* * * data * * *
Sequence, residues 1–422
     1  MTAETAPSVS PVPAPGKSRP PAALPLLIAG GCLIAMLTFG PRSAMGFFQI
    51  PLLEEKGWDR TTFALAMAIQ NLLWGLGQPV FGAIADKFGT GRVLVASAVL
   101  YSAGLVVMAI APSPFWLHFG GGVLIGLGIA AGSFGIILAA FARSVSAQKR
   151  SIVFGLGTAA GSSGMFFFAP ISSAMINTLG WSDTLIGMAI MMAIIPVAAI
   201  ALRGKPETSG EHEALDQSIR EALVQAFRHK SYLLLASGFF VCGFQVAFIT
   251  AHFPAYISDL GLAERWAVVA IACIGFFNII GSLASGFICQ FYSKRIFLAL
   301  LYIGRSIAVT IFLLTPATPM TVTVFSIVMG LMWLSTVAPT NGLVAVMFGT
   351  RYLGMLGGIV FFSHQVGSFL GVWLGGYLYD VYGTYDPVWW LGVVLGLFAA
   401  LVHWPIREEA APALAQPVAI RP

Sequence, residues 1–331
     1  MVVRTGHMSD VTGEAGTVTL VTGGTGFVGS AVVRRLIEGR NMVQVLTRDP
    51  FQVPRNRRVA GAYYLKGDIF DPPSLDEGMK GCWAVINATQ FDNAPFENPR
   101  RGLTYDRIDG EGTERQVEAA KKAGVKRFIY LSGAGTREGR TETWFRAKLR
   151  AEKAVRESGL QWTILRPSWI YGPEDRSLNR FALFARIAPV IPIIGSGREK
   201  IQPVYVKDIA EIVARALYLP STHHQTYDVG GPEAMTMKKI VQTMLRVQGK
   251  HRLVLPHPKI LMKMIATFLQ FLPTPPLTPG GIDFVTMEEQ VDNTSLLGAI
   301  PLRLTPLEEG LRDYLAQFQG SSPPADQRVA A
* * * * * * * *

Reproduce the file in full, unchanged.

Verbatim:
Sequence, residues 1–422
     1  MTAETAPSVS PVPAPGKSRP PAALPLLIAG GCLIAMLTFG PRSAMGFFQI
    51  PLLEEKGWDR TTFALAMAIQ NLLWGLGQPV FGAIADKFGT GRVLVASAVL
   101  YSAGLVVMAI APSPFWLHFG GGVLIGLGIA AGSFGIILAA FARSVSAQKR
   151  SIVFGLGTAA GSSGMFFFAP ISSAMINTLG WSDTLIGMAI MMAIIPVAAI
   201  ALRGKPETSG EHEALDQSIR EALVQAFRHK SYLLLASGFF VCGFQVAFIT
   251  AHFPAYISDL GLAERWAVVA IACIGFFNII GSLASGFICQ FYSKRIFLAL
   301  LYIGRSIAVT IFLLTPATPM TVTVFSIVMG LMWLSTVAPT NGLVAVMFGT
   351  RYLGMLGGIV FFSHQVGSFL GVWLGGYLYD VYGTYDPVWW LGVVLGLFAA
   401  LVHWPIREEA APALAQPVAI RP

Sequence, residues 1–331
     1  MVVRTGHMSD VTGEAGTVTL VTGGTGFVGS AVVRRLIEGR NMVQVLTRDP
    51  FQVPRNRRVA GAYYLKGDIF DPPSLDEGMK GCWAVINATQ FDNAPFENPR
   101  RGLTYDRIDG EGTERQVEAA KKAGVKRFIY LSGAGTREGR TETWFRAKLR
   151  AEKAVRESGL QWTILRPSWI YGPEDRSLNR FALFARIAPV IPIIGSGREK
   201  IQPVYVKDIA EIVARALYLP STHHQTYDVG GPEAMTMKKI VQTMLRVQGK
   251  HRLVLPHPKI LMKMIATFLQ FLPTPPLTPG GIDFVTMEEQ VDNTSLLGAI
   301  PLRLTPLEEG LRDYLAQFQG SSPPADQRVA A